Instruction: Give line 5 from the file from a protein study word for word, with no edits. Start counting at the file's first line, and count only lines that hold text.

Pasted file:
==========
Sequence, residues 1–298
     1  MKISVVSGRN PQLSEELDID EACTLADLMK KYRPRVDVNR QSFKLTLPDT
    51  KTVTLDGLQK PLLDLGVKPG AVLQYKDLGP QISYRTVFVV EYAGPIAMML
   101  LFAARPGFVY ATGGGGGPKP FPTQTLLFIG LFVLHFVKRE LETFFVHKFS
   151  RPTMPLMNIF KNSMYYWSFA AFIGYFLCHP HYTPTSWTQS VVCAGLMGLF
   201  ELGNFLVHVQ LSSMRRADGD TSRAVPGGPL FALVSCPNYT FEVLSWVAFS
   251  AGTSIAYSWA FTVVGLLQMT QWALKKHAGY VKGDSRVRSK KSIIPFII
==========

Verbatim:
   151  RPTMPLMNIF KNSMYYWSFA AFIGYFLCHP HYTPTSWTQS VVCAGLMGLF